Sacramento May Start Paying for Legal Defense of Undocumented Immigrants

California politicos have proposed to spend up to $300,000 to help illegals stay in the city of Sacramento — angering taxpayers and federal authorities, the latter of whom are in the midst of cracking down on sanctuary cities.

Sacramento City Council members are going to vote on a proposal to shell out $300,000 for illegals who need legal aid to fight off deportations.

Sacramento City Council members are due to vote on the funding this Thursday.

If it passes, that means illegals in the city will have some cool cash at their disposal to help fight off deportation attempts.


Here’s more, from the Sacramento Bee:

“The City Council will vote Thursday on a proposal to invest in an education and legal defense network for undocumented immigrants, with the money coming out of a general fund that supports most core city services. The plan under consideration would also strengthen Sacramento’s status as a sanctuary city by turning into law privacy policies that prohibit city employees – including police – from making inquiries into immigration status.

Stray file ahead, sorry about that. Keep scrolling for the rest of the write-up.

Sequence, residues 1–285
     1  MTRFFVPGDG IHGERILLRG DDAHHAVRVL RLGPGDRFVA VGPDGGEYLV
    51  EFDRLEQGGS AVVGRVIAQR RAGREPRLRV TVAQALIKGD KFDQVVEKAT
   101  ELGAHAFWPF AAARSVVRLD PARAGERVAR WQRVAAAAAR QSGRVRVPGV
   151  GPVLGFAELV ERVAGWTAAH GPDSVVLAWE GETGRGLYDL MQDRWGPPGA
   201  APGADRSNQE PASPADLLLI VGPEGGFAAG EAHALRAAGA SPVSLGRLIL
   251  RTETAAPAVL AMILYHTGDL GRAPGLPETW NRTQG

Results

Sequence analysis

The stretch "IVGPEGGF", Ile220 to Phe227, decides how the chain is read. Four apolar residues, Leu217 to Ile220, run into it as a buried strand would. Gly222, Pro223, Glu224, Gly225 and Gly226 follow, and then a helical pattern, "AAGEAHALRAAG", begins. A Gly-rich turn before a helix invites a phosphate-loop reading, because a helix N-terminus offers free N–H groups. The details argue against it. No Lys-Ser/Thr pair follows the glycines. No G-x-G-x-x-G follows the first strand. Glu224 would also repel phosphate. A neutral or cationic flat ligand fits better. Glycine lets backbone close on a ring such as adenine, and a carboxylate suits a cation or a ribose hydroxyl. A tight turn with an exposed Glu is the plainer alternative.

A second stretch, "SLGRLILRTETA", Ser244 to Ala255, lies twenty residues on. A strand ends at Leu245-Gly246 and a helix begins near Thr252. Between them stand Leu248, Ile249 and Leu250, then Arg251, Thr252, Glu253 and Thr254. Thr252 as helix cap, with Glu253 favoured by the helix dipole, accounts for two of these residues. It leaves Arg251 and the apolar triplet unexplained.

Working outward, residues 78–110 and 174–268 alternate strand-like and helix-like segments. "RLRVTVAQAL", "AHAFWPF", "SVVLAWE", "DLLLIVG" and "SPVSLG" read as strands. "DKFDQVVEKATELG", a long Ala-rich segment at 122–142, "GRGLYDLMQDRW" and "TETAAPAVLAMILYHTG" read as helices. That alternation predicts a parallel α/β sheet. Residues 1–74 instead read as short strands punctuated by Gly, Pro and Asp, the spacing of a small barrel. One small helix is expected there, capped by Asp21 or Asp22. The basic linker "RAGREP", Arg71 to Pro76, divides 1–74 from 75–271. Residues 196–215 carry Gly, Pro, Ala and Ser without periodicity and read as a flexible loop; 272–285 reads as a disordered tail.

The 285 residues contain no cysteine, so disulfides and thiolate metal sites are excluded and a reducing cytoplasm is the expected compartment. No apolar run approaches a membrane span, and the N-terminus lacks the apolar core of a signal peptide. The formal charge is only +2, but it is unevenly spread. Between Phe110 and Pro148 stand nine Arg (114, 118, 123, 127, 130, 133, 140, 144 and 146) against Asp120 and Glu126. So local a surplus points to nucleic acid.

“It is a modest investment, but it is a very important investment,” said Mayor Darrell Steinberg. “It says very clearly to our community, especially those who are affected by these unconstitutional orders, that ‘we are going to stand with you.’ We have to back up our values with real action to help people who feel at risk and who may be actually at risk.”

“Both the sanctuary city ordinance and legal defense fund were proposed by a Safe Haven Task Force formed at City Hall in February. The task force was put in place in response to executive orders by President Donald Trump calling for increased enforcement of federal immigration laws.

“Councilman Eric Guerra, who headed the task force, said turning the city’s sanctuary stance from policy into law would put “more teeth” in its position and “makes it relevant to the context we see today, the scapegoating of immigrants.”

“About 49,000 Sacramento residents are not citizens, including roughly 4,100 children, according to the U.S. Census Bureau. That’s about 10 percent of the city’s residents. Some of them are here legally, some are not – the census bureau does not ask about legal status.

“The new money would help fund what is being called the Sacramento Family Unity, Educations and Legal Network for Immigrants, or FUEL, a collection of local immigration attorneys, nonprofits and law schools specializing in immigration law.

“The group will hire up to two attorneys to provide legal assistance to an estimated 750 families each year and conduct “Know Your Rights” information sessions in schools, churches and other community gathering places for hundreds more. The network will likely seek grants from other nonprofit agencies to expand its financial capacity.”